On May 20, U.S. Department of Homeland Security (DHS) Secretary Alejandro Mayorkas sent a memo to U.S. Immigration and Customs Enforcement (ICE) advising ICE to terminate contracts with two detention facilities, according to an article from The Washington Post.
Mayorkas has ordered ICE to “immediately terminate its contract with the Bristol County Sheriff’s Office in Massachusetts and to transfer the few remaining detainees elsewhere.” He also advised ICE to “rescind an agreement with the sheriff’s office, which trained deputies to screen inmates arrested for crimes to see if they are also eligible for deportation.”
Mayorkas also ordered ICE to “sever its contracts” with the Irwin County Detention Center (ICDC), located in Ocilla, Georgia. ICDC came under public scrutiny in September 2020, when four organizations filed a whistleblower complaint on behalf of Dawn Wooten, a nurse who worked at the facility, and other whistleblowers at the facility. Wooten >alleged that ICDC was not taking proper COVID-19 precautions to protect the detainees and the staff. Wooten and other whistleblowers also alleged that there was a high rate of hysterectomies being performed on immigrant women at the facility and that in some cases, the women seemed to be unclear as to why they were getting the procedure.
These whistleblower complaints drew national attention, later prompting a Congressional investigation and a resolution. On April 29, 2021, Detention Watch Network announced that all the women at ICDC had been vacated from the facility. Now, the advocacy organizations that helped file the whistleblower complaint involving Wooten are celebrating the recent news regarding both facilities.
“The announcement signals a major win for people who’ve been detained at the facility and have bravely spoken out against the abuses they’ve experienced and also for organizations in Georgia that have long fought to shut it down,” Detention Watch Network’s May 20 press release states. According to the press release, “this is the first time ICE has cut a contract for a detention center in recent years.” Advocates state that “today’s announcement is long overdue” and continue to demand “the Biden administration continue to cut detention contracts, shut down facilities for good and ensure that people are released and not transferred to other detention centers.”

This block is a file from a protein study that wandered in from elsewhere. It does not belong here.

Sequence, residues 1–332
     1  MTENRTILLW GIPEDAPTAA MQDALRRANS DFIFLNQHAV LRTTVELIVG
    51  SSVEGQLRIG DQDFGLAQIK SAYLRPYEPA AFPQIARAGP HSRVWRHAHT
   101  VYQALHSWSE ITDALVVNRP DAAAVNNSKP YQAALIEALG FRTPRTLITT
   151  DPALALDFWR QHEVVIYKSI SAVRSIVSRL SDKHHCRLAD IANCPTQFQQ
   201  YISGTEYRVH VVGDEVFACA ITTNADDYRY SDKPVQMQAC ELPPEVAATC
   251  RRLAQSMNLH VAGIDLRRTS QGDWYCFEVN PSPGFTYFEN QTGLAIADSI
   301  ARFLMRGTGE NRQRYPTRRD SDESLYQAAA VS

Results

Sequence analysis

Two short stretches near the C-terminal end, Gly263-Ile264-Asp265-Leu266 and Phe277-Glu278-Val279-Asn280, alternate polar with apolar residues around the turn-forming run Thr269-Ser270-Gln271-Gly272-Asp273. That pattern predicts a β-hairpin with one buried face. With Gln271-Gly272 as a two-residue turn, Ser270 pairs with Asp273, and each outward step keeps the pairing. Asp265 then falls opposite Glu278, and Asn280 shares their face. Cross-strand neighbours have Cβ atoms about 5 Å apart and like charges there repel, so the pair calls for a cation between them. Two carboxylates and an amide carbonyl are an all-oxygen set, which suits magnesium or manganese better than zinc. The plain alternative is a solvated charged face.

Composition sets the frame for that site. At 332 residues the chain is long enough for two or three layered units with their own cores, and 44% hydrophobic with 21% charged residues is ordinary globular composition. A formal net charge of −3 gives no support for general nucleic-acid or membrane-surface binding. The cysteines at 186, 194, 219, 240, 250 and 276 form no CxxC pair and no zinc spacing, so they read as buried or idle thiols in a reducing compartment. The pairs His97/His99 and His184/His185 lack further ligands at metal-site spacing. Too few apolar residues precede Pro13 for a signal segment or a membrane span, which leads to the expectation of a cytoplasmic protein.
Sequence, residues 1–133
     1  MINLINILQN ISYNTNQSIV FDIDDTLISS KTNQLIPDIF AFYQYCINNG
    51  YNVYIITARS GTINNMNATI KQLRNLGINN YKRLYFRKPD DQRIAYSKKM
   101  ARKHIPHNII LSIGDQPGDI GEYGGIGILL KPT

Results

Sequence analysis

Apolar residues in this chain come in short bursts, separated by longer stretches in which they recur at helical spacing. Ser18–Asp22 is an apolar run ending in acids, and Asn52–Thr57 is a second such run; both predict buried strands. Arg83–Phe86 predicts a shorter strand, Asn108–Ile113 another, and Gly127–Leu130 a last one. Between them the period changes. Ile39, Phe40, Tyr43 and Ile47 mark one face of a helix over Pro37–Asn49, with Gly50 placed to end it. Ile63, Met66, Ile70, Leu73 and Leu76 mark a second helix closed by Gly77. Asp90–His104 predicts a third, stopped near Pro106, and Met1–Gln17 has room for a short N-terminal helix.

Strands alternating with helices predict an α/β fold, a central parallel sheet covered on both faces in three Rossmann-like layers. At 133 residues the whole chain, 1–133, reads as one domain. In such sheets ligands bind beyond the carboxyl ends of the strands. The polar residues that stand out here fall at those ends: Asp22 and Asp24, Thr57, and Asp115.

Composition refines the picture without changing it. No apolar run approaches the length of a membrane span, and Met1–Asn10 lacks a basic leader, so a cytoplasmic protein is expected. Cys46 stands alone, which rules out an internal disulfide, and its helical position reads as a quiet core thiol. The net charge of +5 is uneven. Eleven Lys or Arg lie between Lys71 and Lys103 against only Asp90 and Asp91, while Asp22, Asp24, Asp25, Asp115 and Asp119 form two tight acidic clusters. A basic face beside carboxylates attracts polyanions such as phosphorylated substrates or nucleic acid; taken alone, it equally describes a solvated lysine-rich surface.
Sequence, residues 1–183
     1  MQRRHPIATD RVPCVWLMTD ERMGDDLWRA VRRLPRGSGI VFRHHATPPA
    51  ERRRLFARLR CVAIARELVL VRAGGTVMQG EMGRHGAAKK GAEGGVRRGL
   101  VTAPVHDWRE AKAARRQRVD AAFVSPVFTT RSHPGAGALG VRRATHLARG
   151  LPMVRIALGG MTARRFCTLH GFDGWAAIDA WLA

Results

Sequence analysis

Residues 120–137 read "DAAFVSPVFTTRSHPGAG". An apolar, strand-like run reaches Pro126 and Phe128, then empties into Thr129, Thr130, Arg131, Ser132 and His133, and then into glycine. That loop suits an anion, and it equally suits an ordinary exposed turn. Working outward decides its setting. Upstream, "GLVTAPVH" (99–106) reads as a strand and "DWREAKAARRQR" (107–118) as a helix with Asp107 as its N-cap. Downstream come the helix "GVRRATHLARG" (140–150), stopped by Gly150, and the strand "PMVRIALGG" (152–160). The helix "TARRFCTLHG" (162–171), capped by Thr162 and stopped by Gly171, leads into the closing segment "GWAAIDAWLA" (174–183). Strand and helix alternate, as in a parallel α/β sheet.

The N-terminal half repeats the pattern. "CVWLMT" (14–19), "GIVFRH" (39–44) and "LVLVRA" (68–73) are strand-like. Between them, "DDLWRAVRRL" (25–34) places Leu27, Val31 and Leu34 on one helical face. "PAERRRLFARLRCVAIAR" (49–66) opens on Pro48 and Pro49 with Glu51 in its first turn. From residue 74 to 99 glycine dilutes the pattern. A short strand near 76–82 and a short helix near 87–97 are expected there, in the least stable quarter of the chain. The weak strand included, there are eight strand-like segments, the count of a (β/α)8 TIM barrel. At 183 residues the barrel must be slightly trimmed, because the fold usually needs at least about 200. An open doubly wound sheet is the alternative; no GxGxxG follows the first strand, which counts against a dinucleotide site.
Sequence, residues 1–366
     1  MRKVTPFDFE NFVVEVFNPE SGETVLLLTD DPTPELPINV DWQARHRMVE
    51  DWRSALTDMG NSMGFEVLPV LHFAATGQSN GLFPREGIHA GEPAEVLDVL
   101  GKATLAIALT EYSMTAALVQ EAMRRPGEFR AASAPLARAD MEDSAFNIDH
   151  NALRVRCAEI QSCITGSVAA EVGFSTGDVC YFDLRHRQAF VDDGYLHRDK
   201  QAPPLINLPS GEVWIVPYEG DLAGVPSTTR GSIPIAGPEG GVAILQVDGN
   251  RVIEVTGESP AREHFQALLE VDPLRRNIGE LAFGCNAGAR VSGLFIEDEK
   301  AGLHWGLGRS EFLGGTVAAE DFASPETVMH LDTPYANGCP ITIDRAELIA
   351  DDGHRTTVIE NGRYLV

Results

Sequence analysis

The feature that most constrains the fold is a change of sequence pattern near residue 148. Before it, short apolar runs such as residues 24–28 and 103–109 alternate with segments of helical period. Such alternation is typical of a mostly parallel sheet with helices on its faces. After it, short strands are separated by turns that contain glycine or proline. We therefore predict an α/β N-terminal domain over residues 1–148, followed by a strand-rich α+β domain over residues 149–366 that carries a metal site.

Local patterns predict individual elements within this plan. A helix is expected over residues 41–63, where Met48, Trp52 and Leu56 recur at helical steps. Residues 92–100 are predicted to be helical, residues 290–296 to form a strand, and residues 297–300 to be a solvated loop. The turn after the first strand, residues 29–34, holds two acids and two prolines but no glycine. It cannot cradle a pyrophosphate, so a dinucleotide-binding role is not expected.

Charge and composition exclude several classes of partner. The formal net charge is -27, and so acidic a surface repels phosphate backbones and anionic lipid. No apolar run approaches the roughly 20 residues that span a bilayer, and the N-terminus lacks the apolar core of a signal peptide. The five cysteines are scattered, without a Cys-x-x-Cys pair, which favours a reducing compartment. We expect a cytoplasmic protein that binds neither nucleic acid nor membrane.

An anonymous DHS official told the Post that federal officials chose these two detention centers “mainly because their detention rosters have shrunk and they are ‘no longer operationally necessary.’” The Post reports that Bristol “is holding seven detainees out of nearly 200 beds; Irwin has 114 detainees out of almost 1,000 beds.” Both facilities are currently “under federal investigation for complaints of abuses against immigrants,” which the DHS representative says Mayorkas took into consideration when he made this decision. According to the Post article, a state and federal investigation into the Bristol County Sheriff’s Office was launched in response to May 2020 allegations of civil rights violations.
“We have an obligation to make lasting improvements to our civil immigration detention system,” said Mayorkas in a statement. “This marks an important first step to realizing that goal. DHS detention facilities and the treatment of individuals in those facilities will be held to our health and safety standards. Where we discover they fall short, we will continue to take action as we are doing today.” In the memo to ICE acting director Tae Johnson, Mayorkas said ”he would schedule a meeting next week to lay out the plan to close Irwin and to ‘discuss my concerns with other federal immigration detention centers’ across the United States.” Johnson said in a statement that “ICE will continue to ensure it has sufficient detention space to hold noncitizens as appropriate. Withdrawing from the Bristol agreement, and planning to close the Irwin facility, will not impair or in any way diminish ICE operations.”
According to the Post, “[o]fficials said the moves are part of the Biden administration’s broader plan to overhaul the nation’s network of more than 200 county jails and detention centers housing civil immigration detainees in deportation proceedings.” The article states that more changes could be down the line as Mayorkas “conducts a sweeping review of detention facilities in the coming weeks.”